Concern over plan to rehabilitate tribal families displaced from Nagarahole.
Posted on Oct 05, 2017
Activists fear project may remain only on paper as there is no clarity on availability of land.
Three years after the Muzaffar Asadi committee — set up by the High Court to study the Nagarahole tribal resettlement issue — submitted its report, the government has taken baby steps towards its implementation. A special committee, set up by the Deputy Commissioner of Mysuru, has completed a survey to ascertain the present status of 3,418 families displaced from Nagarahole.
Stakeholders, however, have argued that this development raises more questions than answers and it could end up as no more than an election-year promise.
The findings of the special committee were in broad corroboration of the list in the Asadi report. But instead of 3,418 families mentioned in the Asadi report, the district administration has pruned the numbers to 3,145 families as information related to 273 families could not be corroborated and verified.
“On confirming that none of the 3,145 families had been covered by previous packages, it was recommended to the government that they be suitably rehabilitated,” said Deputy Commissioner D. Randeep. Of the families identified, 1,801 are in H.D. Kote taluk of Mysuru district, 1,032 families in Hunsur taluk of Mysuru district, and 312 families in Virajpet taluk of Kodagu district.
The Asadi report, submitted to the government in 2014, had made a slew of recommendations under 34 major heads to economically empower the adivasis uprooted from the Nagarahole National Park, besides suggesting long-term measures for their social well-being and protecting their cultural identity.
While NGOs working for tribal rehabilitation have generally welcomed the district administration’s recommendations, there are concerns that the rehabilitation scheme would be an open-ended one that could take decades to implement. Sreekanth of Development through Education (DEED), a Hunsur-based NGO, said rehabilitating 3,145 families would require at least 6,500 to 9,000 acres of land.
Tribal activist M.B. Prabhu sounded more cautious and said the issue was clouded in confusion. “The district administration has only recommended that displaced tribal families be rehabilitated. But suitable land is yet to be identified for the purpose, all of which will take years,” he said. Organisations such as DEED are more vociferous and want the government to denotify 6,500 to 9,000 acres of reserve forest, if need be, to compensate the tribal families displaced from the national park.
Local officials, however, are tight-lipped about land acquisition and availability of the land at this stage or the amount required for acquisition. Mr. Prabhu said given the paucity of land on the fringes of the forests, it was unlikely that 9,000 acres of land could be acquired and hence feared that the recommendation for rehabilitation may remain only on paper.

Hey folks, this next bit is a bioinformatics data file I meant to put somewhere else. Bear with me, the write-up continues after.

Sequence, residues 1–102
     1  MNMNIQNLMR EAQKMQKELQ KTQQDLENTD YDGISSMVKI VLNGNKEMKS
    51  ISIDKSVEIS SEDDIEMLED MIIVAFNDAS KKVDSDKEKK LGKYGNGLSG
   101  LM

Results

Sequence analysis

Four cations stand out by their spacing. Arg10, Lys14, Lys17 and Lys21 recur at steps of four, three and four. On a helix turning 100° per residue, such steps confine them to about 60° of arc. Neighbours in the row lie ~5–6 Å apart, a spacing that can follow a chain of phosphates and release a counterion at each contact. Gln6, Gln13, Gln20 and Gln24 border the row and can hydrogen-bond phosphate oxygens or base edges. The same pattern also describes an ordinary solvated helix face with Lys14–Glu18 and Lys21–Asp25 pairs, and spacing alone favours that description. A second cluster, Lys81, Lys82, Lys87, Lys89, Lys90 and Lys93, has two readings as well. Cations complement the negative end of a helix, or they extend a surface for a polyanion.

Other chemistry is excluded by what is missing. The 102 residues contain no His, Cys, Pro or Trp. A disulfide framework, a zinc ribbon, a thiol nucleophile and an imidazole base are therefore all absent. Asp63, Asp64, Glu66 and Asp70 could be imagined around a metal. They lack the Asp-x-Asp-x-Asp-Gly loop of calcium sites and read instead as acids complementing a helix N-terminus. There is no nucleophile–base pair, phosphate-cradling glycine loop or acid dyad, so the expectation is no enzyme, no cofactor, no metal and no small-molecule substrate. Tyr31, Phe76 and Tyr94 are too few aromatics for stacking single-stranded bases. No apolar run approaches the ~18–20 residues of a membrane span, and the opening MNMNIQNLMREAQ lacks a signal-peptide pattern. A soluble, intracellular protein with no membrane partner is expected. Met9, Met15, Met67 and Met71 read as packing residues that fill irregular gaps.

Similar package sought for those evicted from Bandipur
Close on the heels of the government’s decision to extend the Forest Department’s rehabilitation package to 3,145 tribal families evicted from the Nagarahole National Park, NGOs are bracing up for an extended struggle to seek a similar package for those evicted from Bandipur almost 45 years ago.
“Nearly 3,000 tribal people were uprooted and thrown out of Bandipur between 1970 and 1973 and they too should be given the rehabilitation package,” said Sreekanth of Development through Education, an NGO. He said though the Muzzafar Asadi committee report pertains to Nagarahole tribal families, the same package was valid for those who were evicted from forests across Karnataka while notifying national parks and wildlife sanctuaries or to pave the way for infrastructure projects.
“There are at least 20,000 such families across Karnataka who have to be suitably rehabilitated in lieu of the loss of their traditional homes,” Mr. Sreekanth said.
Senior Forest Department officials, however, said those displaced from Bandipur following its declaration as a national park and because of the construction of the Kabini reservoir earlier had been rehabilitated as per the prevailing norms in those days and hence they were not eligible for rehabilitation package under the present schemes again.
A representative of a leading organisation working with tribal people in H.D. Kote said NGOs could pursue the case as a development agenda to generally improve the lot of the tribal communities. “But if they want to launch a struggle to right a historical wrong, then it would be futile as legally and technically it has been settled by the NHRC whose intervention led to rehabilitation of the displaced tribal families at Basavagirihaadi A and B Blocks in H.D. Kote,” he said.
R. Krishna Kumar.Sept 1st, 2017.